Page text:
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Producing Excellence

Rob, Bill and Jim Taylor

Meriden, NH

Taylor Brothers Farm

Products: Milk, cheese and maple syrup

Size of Operation: 120 head, 5,000 taps

In Business Since: 1970

Farm Credit Partner: Yankee Farm Credit

Working with Farm Credit Since: 1992

The word diversification in farming can bring to mind large operations bustling with hired hands and awash in the sound of heavy equipment. Not so at Taylor Brothers Farm, a small, family run dairy and maple sugar operation in New Hampshire.

The Taylors have been dairy farmers since the 1970s, running a small operation and sending their milk to the local cooperative. More recently, increasing input costs and weak prices led them to add artisan cheese to their repertoire. “If we wanted to stay in the dairy business, we needed to add value and make a better margin on our milk," says Rob Taylor who works with his two brothers, Bill and Jim.

While most of the 3,500 pounds of milk their 50 cows produce each day still goes to the cooperative, they now make one or two batches of cheese each week in four varieties: Gouda, Jack, Colby and a smoked cheese. Making each batch is a full-day process and yields 20 – 40 pounds of cheese, which is molded into one-, five- or ten-pound wheels and then hand-dipped in wax and sealed in bags. Their products have been so well-received that Rob anticipates expanding their cheese making. “We'll start by increasing the number of days we make cheese, and could go up to five batches a week," he says. To expand further, they'll get a bigger vat that can make large batches.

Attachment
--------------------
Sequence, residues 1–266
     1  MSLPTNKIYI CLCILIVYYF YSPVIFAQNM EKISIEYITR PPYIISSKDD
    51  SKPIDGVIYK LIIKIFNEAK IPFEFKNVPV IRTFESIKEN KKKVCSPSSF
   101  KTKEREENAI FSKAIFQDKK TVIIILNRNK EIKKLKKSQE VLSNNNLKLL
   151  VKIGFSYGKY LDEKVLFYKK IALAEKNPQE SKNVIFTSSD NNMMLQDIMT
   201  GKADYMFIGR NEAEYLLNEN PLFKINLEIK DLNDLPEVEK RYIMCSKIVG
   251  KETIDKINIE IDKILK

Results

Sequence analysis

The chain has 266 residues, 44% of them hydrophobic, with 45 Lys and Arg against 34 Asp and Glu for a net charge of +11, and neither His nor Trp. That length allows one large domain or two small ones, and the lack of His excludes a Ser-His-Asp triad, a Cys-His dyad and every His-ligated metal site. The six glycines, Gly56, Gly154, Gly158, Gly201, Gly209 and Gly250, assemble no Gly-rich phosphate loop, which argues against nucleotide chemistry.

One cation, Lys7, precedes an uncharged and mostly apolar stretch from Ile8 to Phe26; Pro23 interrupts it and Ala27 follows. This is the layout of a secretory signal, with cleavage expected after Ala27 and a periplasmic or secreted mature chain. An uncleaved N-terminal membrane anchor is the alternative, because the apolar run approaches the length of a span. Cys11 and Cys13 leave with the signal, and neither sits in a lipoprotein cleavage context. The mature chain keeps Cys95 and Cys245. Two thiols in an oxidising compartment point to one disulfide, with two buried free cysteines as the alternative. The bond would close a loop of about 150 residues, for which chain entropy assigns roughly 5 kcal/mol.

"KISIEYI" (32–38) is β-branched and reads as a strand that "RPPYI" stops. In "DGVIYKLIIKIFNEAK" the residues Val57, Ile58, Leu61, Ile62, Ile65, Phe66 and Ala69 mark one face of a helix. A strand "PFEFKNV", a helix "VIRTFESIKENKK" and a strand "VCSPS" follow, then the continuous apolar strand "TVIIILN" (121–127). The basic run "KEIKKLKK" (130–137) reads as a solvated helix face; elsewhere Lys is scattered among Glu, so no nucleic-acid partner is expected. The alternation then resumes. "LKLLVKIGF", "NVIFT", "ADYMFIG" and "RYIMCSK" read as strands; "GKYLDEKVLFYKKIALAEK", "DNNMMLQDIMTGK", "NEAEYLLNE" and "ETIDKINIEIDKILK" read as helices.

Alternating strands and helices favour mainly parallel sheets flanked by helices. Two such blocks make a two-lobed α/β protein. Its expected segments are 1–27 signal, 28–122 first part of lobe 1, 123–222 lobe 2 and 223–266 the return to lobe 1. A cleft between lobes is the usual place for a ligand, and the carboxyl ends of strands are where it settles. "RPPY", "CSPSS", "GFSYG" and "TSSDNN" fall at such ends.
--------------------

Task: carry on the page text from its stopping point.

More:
The cheese is sold through local retail stores, through the Taylors' online store and through their on-site retail store that's located in their sugar house, the focus of their other agricultural enterprise. Rob and his brothers started tapping maple trees while they were still in high school, beginning with just six trees. After expanding over time to 500 taps, in 1992 they leased a sugar bush, or stand of maple trees, that now involves 5,000 taps. In 2002, with financing from Yankee Farm Credit, they built a state-of-the-art sugar house that includes an evaporator, canning equipment, a commercial kitchen, storage for the drums of syrup, and the retail store. “Farm Credit is very much a comprehensive operation for us," says Rob, explaining that the association also financed the expansion of the creamery. “They obviously are well versed in ag operations, so we don't have to explain the nature of cows as both livestock and collateral, or that syrup has a short production cycle but a year-round market."

The Taylors produce 2,100 gallons of syrup during the 6 – 8 weeks production season, which varies based on weather but typically starts in February. The Taylors use sterilized stainless steel taps and a vacuum pump to pull the sap from the trees. “The pump yields more sap," Rob says. “It's also better for the tree because when we continually pull sap away from the tree, no bacteria can grow." A reverse osmosis process removes up to 75% of the water from the sap, and back at the sugar house the concentrated sap is boiled down further to its final strength – with 40 gallons of sap yielding one gallon of syrup. Some of this syrup is then processed into other products including maple sugar, maple candy and maple cream.

Their sugaring operation, though smaller in scale than their dairy, is far more profitable and they are anticipating expanding this side of their business as well. “There's always a market for maple," Rob says.

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